September is the worst month on average for stocks, but this September was a good one with equity markets performing well. Bonds were down slightly and REITs again performed well.
September 2019 Market Performance
All index returns are total return (includes reinvestment of dividends) and are in Canadian Dollars unless noted.
*Absolute change in yield, not the return from holding the security.
September was a good month for equity markets. The S&P/TSX Composite was up +1.7% for the month, bringing the year to date return to +19.1%. In the US, the large cap S&P500 and small cap Russell 2000 were both up +1.9% (+20.6% and +13.0% YTD, respectively).
EAFE (Europe, Australasia & Far East) stocks performed even better at +3.2%; European stocks specifically were up +3.0%. With no end to Brexit on the horizon, British stocks continued to surprise by gaining +1.7% and are now up more than 10% for 2019. Emerging market stocks were up +1.3%, and are up a somewhat disappointing +5.5% for 2019.
Canadian bonds were one of the few negative spots in September, the FTSE/TMX Universe Bond Index lost -0.8% and the FTSE/TMX Short-term Bond Index lost -0.4%. US bonds were mixed in September, with treasuries and high grade corporates down while lower rated and high yield indexes were positive. Emerging market bonds were down -0.8%, they’re up +9.5% for 2019. REITs continued to perform well, returning +2.7% for September and +23.8% for 2019.
The headline commodities, oil and gold were both down in September. Oil was down -1.9% and gold was down -3.7%. Meanwhile, the diversified Bloomberg Commodities Index was up +1.0% for September bringing the 2019 return to an uninspiring +1.4%.
The Canadian Dollar (CAD) gained +0.4% against the US Dollar and +1.3% versus the Euro.
Commentary – by Gordon Ross, CFA
September is historically the worst month of the year for U.S. stocks. Going into September this year there were many crises that seemed to predict a terrible month: trade wars, impeachment announcements, attacks on oil fields, negative interest rates, etc.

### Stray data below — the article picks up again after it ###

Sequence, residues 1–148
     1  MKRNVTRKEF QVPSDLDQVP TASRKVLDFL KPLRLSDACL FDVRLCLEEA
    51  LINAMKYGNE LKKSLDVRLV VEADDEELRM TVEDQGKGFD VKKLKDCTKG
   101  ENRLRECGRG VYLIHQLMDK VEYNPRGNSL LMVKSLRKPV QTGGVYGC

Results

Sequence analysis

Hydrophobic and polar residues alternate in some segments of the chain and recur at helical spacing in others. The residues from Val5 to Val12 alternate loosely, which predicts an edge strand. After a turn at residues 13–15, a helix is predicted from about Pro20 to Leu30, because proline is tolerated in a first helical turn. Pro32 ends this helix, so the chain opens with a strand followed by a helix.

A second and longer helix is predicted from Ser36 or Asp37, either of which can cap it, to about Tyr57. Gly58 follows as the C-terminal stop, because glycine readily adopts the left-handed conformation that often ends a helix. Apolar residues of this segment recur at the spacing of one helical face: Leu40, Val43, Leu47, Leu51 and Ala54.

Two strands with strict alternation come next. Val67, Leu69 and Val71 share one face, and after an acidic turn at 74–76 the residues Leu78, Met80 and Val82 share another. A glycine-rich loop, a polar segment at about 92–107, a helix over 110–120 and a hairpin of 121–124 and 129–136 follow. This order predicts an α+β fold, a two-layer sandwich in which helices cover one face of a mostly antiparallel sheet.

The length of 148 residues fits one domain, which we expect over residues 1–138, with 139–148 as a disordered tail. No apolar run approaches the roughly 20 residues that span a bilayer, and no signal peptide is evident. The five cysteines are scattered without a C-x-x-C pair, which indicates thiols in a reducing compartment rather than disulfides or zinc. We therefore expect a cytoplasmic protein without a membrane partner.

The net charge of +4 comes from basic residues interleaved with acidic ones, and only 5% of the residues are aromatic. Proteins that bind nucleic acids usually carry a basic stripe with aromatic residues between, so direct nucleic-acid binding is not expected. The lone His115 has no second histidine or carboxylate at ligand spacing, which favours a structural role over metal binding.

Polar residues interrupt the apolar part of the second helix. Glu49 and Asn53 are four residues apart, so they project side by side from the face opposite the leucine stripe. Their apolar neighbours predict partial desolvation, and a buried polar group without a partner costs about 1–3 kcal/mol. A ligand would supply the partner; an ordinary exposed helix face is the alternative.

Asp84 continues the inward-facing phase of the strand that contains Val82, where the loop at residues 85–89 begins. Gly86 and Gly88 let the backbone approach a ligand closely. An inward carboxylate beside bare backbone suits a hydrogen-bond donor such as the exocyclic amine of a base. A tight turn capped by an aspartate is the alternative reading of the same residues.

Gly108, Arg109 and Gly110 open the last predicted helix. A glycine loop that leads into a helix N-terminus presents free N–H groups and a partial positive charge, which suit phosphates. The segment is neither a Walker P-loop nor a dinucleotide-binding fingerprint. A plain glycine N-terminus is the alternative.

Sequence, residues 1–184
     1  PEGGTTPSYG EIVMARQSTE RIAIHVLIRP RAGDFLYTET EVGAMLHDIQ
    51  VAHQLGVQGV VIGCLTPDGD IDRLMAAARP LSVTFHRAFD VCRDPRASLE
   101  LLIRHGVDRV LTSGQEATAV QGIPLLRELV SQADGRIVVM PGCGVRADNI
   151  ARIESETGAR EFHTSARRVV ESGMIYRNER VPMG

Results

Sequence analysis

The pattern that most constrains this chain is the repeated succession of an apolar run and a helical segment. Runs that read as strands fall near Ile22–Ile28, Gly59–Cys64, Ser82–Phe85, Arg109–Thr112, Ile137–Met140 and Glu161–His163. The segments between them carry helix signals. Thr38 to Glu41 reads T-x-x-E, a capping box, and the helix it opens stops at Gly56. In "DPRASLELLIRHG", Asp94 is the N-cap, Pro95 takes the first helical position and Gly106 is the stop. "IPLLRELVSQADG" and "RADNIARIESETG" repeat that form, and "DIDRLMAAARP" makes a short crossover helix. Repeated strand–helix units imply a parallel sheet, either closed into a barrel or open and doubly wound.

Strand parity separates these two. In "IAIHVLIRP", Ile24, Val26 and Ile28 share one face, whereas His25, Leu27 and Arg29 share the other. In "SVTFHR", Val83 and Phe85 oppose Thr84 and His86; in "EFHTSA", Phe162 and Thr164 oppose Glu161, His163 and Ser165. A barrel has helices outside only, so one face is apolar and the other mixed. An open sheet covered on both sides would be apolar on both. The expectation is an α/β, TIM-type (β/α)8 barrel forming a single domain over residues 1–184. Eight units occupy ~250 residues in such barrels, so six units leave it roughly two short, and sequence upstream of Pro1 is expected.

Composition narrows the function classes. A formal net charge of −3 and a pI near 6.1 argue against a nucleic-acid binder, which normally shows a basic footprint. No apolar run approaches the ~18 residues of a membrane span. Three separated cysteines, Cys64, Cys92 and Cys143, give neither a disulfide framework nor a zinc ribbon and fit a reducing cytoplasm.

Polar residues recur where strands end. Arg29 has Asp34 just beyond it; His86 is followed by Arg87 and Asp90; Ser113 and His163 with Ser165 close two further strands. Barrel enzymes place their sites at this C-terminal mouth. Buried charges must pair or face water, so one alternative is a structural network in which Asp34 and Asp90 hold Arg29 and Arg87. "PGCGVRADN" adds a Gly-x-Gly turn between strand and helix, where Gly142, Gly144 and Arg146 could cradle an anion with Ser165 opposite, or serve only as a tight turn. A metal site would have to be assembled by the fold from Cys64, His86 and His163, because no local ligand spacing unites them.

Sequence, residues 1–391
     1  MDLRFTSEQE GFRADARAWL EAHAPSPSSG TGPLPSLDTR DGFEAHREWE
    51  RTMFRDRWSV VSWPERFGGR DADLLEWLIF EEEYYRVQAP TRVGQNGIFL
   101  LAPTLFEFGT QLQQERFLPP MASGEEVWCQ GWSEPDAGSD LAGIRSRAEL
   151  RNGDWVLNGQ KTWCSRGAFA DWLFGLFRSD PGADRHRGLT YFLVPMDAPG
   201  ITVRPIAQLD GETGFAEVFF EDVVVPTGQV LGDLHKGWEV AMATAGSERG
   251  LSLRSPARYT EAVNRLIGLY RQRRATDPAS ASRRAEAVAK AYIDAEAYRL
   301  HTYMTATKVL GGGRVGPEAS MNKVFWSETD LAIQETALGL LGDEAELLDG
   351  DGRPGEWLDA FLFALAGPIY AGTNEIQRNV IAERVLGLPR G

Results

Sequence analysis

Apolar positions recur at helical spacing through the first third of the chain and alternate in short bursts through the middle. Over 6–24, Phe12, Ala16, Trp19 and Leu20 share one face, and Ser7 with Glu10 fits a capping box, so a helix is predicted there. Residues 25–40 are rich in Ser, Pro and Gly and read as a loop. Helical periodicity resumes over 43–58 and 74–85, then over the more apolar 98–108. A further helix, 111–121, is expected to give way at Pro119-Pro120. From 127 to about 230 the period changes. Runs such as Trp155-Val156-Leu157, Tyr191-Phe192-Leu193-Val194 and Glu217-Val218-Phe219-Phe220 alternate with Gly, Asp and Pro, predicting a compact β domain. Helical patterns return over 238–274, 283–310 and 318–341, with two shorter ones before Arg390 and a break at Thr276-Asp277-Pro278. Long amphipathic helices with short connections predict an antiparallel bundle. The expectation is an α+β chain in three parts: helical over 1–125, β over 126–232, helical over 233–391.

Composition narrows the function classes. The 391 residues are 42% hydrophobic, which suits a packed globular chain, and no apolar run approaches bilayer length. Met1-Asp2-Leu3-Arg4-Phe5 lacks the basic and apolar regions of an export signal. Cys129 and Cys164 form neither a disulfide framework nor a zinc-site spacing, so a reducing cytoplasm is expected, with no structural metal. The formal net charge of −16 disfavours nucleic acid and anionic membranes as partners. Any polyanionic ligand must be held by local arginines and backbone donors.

At the end of the month, U.S. stocks had given a positive return for the period. This kind of surprise is completely normal in markets of tradeable securities. What can a person do?
The Ontario Securities Commission (OSC) says in their newsletter “Investor News” that this is, “the perfect time to learn about making smart investing decisions”. Here’s what they say about the markets. Check the registration and qualifications of your advisor. Have an action plan based on your goals and resources. Assess the impact of fees. Understand risk. Recognize the power of compounding. Understand diversification. Don’t give in to sales pressure.
Notice there is no mention of what the markets do? For most people, under reasonable assumptions, about half of the nest egg you end up with will be what you saved, and the other half will be what market returns gave you. Also important is that you can forecast and manage the savings side. Markets will do what they do, repeatedly surprising everyone.
ModernAdvisor takes care of all those points expressed by the OSC, to help you set reasonable goals and reach them in any market environment.
September 2019 Economic Indicator Recap
Below are the current readings on the major economic indicators: central bank interest rates, inflation, GDP and unemployment.
Below are the current readings on a few other often followed economic indicators: retail sales and housing market metrics.
A Closer Look at the Canadian Economy
Canada’s unemployment rate was unchanged at 5.7% in August, as 81,100 jobs were added. 23,800 of those jobs were full time and 57,300 were part time.
Housing prices across Canada were up +0.7% in July, meanwhile Vancouver was down -0.8% its 13th consecutive flat or negative month. Seven of the other 10 metropolitan markets in the index were up, with Halifax (+1.8%), Ottawa (+1.7%), and Montreal (+1.1%) the largest gainers.
The level of new housing starts rose +2.2% in August to 226,800 units. The value of building permits issued in July rose +3.0% to $8.4 billion.
The inflation rate for August was -0.1%, and +1.9% on an annual basis. Core inflation which excludes more variable items such as gasoline, natural gas, fruit & vegetables and mortgage interest was also +1.9%.
Retail sales were up +0.4% in July, the first increase in 3 months; compared to a year ago retail sales were up +1.2%. Stronger sales were seen at new car dealers, health and personal care stores and supermarkets. Sales at cannabis stores were up +14.3%, exceeding $100 million for the first time since legalization.
Canada’s GDP was flat in July. Goods producing industries declined -0.7%, led by a -3.5% decline in mining, quarrying and oil & gas extraction; their largest decline since May 2016. The services sector rose +0.3%, the fifth consecutive monthly gain.
The Bank of Canada left its benchmark interest rate unchanged at their September 4 meeting. With inflation remaining tame, no changes are anticipated (if at all) until well into 2020.